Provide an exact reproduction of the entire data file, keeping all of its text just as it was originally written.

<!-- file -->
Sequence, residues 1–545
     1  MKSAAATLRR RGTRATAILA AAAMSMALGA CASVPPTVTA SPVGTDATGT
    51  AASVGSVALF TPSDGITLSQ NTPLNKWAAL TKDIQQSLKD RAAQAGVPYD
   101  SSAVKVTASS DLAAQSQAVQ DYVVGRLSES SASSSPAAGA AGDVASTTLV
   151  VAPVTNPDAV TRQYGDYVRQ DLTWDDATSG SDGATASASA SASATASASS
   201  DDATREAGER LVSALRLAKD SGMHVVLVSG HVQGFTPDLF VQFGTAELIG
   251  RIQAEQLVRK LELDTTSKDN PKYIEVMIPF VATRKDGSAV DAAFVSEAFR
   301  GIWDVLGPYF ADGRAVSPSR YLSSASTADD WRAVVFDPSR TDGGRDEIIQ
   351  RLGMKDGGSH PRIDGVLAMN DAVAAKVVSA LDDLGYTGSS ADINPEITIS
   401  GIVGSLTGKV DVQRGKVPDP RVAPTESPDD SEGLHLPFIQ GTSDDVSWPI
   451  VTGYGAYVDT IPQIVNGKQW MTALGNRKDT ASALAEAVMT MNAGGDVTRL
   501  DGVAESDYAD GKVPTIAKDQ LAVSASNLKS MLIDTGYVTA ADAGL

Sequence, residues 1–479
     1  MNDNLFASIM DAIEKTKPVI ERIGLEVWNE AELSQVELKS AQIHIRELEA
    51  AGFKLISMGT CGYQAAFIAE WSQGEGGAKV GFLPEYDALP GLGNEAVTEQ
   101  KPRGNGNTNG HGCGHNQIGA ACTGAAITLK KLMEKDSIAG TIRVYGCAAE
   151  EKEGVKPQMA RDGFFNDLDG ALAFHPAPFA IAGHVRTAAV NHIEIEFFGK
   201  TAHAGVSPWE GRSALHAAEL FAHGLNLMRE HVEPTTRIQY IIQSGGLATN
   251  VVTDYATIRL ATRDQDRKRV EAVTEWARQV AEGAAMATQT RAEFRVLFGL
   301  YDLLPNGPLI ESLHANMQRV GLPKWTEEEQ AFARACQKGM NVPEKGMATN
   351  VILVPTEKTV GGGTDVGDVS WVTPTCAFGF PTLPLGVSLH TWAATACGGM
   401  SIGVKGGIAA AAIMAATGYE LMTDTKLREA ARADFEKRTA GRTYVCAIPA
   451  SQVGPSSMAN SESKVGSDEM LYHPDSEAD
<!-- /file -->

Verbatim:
Sequence, residues 1–545
     1  MKSAAATLRR RGTRATAILA AAAMSMALGA CASVPPTVTA SPVGTDATGT
    51  AASVGSVALF TPSDGITLSQ NTPLNKWAAL TKDIQQSLKD RAAQAGVPYD
   101  SSAVKVTASS DLAAQSQAVQ DYVVGRLSES SASSSPAAGA AGDVASTTLV
   151  VAPVTNPDAV TRQYGDYVRQ DLTWDDATSG SDGATASASA SASATASASS
   201  DDATREAGER LVSALRLAKD SGMHVVLVSG HVQGFTPDLF VQFGTAELIG
   251  RIQAEQLVRK LELDTTSKDN PKYIEVMIPF VATRKDGSAV DAAFVSEAFR
   301  GIWDVLGPYF ADGRAVSPSR YLSSASTADD WRAVVFDPSR TDGGRDEIIQ
   351  RLGMKDGGSH PRIDGVLAMN DAVAAKVVSA LDDLGYTGSS ADINPEITIS
   401  GIVGSLTGKV DVQRGKVPDP RVAPTESPDD SEGLHLPFIQ GTSDDVSWPI
   451  VTGYGAYVDT IPQIVNGKQW MTALGNRKDT ASALAEAVMT MNAGGDVTRL
   501  DGVAESDYAD GKVPTIAKDQ LAVSASNLKS MLIDTGYVTA ADAGL

Sequence, residues 1–479
     1  MNDNLFASIM DAIEKTKPVI ERIGLEVWNE AELSQVELKS AQIHIRELEA
    51  AGFKLISMGT CGYQAAFIAE WSQGEGGAKV GFLPEYDALP GLGNEAVTEQ
   101  KPRGNGNTNG HGCGHNQIGA ACTGAAITLK KLMEKDSIAG TIRVYGCAAE
   151  EKEGVKPQMA RDGFFNDLDG ALAFHPAPFA IAGHVRTAAV NHIEIEFFGK
   201  TAHAGVSPWE GRSALHAAEL FAHGLNLMRE HVEPTTRIQY IIQSGGLATN
   251  VVTDYATIRL ATRDQDRKRV EAVTEWARQV AEGAAMATQT RAEFRVLFGL
   301  YDLLPNGPLI ESLHANMQRV GLPKWTEEEQ AFARACQKGM NVPEKGMATN
   351  VILVPTEKTV GGGTDVGDVS WVTPTCAFGF PTLPLGVSLH TWAATACGGM
   401  SIGVKGGIAA AAIMAATGYE LMTDTKLREA ARADFEKRTA GRTYVCAIPA
   451  SQVGPSSMAN SESKVGSDEM LYHPDSEAD